However, I foresee a problem: in 2011, there were 1,341 appointment-taking IPs and 723 pre-packs. I appreciate that an average of 0.5 pre-packs per IP does not reflect reality, but even so it would seem to me that pre-packs are not that common; IPs might only conduct one or two each year and some IPs might go years before doing another pre-pack. In 2011, the Insolvency Service only reviewed 58% of all SIP16 disclosures, so there’s a big chunk of all SIP16s where no feedback is possible. In addition, 32% of the 2011 SIP16 disclosures reviewed were considered non-compliant by the Service. If our profession is lucky, it might be that these non-compliant SIP16s are being produced by the same bunch of IPs. However, my hunch (having worked in the IPA’s regulation department) is that sometimes an IP gets it right, sometimes he/she misses something. If this is the case, then years might pass before (i) an IP receives feedback on where he/she slipped up with SIP16 compliance and then when (ii) he/she can apply that feedback to his/her next pre-pack. Waiting for IPs to apply the Service’s feedback will not crack this nut: I suspect that, if the 2013 SIP16 monitoring report shows similar levels of non-compliance, there will be hell to pay!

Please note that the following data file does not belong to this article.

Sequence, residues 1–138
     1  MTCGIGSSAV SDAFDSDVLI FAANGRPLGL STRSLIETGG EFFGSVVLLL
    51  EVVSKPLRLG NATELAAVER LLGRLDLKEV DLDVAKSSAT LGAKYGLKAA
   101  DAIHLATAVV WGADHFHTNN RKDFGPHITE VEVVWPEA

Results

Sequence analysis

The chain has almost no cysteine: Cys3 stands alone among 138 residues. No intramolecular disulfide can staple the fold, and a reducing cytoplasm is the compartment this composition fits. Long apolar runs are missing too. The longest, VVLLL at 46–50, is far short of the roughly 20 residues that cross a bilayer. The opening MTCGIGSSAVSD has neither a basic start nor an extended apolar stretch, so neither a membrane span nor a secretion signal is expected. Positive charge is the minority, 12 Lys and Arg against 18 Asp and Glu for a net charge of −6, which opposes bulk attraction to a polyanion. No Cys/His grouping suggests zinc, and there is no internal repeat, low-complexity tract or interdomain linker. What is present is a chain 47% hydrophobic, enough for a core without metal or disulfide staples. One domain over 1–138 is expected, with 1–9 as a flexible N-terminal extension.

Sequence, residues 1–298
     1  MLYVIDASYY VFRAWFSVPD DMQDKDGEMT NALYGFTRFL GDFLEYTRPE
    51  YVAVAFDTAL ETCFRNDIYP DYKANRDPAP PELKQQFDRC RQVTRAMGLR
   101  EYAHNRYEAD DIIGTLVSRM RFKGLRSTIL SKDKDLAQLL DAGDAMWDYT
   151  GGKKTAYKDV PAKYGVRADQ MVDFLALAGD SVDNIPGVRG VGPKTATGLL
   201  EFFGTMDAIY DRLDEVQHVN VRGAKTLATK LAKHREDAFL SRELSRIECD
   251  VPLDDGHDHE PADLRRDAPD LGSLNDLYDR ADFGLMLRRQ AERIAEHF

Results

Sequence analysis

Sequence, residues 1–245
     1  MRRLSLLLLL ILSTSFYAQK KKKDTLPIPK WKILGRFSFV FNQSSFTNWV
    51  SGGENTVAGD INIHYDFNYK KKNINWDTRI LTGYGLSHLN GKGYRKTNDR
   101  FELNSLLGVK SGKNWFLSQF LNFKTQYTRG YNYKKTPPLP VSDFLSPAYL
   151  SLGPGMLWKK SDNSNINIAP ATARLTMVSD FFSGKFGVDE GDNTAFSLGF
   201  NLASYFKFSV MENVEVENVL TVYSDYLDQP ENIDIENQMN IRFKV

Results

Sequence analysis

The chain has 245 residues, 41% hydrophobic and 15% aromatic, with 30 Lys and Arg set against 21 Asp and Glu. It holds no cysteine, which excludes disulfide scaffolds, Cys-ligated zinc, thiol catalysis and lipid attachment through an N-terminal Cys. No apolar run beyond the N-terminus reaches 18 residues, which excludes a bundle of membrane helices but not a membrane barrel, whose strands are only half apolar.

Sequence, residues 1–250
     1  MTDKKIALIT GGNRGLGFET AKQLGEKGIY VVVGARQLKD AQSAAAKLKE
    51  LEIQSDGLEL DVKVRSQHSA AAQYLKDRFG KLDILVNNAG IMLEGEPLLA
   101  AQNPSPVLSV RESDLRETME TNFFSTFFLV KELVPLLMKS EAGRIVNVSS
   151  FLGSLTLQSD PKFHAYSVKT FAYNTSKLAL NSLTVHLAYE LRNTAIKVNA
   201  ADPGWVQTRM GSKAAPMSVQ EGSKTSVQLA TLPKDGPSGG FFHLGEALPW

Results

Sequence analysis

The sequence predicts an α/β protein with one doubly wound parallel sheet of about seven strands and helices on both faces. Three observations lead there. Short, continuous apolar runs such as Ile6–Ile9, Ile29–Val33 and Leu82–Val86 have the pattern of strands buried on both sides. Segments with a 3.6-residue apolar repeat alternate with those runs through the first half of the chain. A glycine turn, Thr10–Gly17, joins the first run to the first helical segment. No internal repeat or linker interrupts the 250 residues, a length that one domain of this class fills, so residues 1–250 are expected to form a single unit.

Thus, I feel it is down to each and every IP to work at producing perfect SIP16 disclosures. Some may rebel at this formulaic approach to recounting the skills used in getting the best out of an insolvent company – I do! – but the threat of more legislation, which I suggest could be even more prescriptive and restrictive than SIP16, remains loud. Can we not just try to get it right?

Continuation of supply

“We recommend that the Department undertake a consultation as a matter of urgency on the rules relating to the continuation of supply to businesses on insolvency in order to assess whether a greater number of liquidations or further damage to businesses could be avoided if that supply was better protected.” (paragraph 86)